GAELIC, SCOTS (GAELIC) [GLS] 88,892 including 477 monolinguals, 88,415 bilinguals in Scotland (1971 census); 5,000 in Canada (1976 Stephens); 94,000 in all countries. North and central counties of Ross, Islands of Hebrides and Skye. Also in Nova Scotia and Cape Breton, Prince Edward Island, Canada; and New South Wales, Australia. Indo-European, Celtic, Insular, Goidelic. Dialect: EAST SUTHERLANDSHIRE. In some communities it is primarily used in the home, in church, and for social purposes. Two newspapers carry news in Gaelic. Books and journals are produced on various topics. In bilingual areas Gaelic is usually the first language of instruction for most primary subjects. In the 1971 census 50% of all speakers could read Gaelic. Church Gaelic is based on the Perthshire dialect of 200 years ago, and is at a distance from spoken dialects. East Sutherlandshire dialect is so different from other spoken dialects as to be a barrier to communication. Regular radio broadcasts in New South Wales and Victoria, Australia. Typology: VSO. Braille code available. Bible 1801-1991. NT 1767-1875. Bible portions 1684-1991.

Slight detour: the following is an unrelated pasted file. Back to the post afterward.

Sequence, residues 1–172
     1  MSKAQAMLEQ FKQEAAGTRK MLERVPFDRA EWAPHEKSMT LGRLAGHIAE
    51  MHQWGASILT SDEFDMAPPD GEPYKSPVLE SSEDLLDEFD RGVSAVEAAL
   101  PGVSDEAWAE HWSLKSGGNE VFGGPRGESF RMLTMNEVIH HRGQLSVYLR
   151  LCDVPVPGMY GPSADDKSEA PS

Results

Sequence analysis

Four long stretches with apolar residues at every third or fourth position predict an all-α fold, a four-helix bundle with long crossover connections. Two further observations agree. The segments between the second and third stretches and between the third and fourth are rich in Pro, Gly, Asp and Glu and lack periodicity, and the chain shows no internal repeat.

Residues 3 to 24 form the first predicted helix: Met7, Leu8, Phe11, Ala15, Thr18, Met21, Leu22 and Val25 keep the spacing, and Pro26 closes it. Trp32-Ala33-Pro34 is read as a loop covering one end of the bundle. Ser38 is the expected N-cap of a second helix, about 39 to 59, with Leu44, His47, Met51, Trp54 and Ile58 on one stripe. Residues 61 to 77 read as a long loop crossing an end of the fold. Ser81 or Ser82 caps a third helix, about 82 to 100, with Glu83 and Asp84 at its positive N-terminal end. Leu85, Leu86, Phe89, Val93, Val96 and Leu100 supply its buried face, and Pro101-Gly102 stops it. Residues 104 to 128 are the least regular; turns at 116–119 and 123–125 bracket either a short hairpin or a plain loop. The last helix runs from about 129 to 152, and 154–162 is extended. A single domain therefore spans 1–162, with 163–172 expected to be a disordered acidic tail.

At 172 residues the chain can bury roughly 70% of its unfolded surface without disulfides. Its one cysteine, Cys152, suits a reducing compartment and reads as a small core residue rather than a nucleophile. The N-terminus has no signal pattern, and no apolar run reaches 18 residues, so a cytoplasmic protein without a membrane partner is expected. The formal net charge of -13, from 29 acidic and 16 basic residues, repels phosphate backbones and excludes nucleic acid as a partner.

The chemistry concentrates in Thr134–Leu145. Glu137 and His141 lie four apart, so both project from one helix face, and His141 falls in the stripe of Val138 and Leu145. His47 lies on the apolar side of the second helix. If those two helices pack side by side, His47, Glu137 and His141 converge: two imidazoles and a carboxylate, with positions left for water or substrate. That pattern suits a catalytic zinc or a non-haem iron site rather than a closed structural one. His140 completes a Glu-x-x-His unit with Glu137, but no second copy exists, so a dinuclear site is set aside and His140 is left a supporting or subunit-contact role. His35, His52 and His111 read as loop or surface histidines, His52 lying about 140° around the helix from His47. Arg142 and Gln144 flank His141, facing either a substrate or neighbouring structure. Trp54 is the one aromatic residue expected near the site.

MANX [MJD] Isle of Man, part of the British Isles, a Crown Dependency, with its own Parliament, laws, currency, and taxation. The United Kingdom represents the Isle of Man at the United Nations. Indo-European, Celtic, Insular, Goidelic. Extinct during this century as a first language. There are efforts to revive it. Second language for 200 to 300 who have mainly learned it as adults. Used for some public functions. Bible 1773. NT 1767-1775. Bible portions 1748-1767.

OLD KENTISH SIGN LANGUAGE [OKL] Kent. Deaf sign language. The apparent ancestor of Martha's Vineyard Sign Language. Extinct.

POLARI [PLD] Unclassified. An in-group language among theatrical and circus people. Survey needed.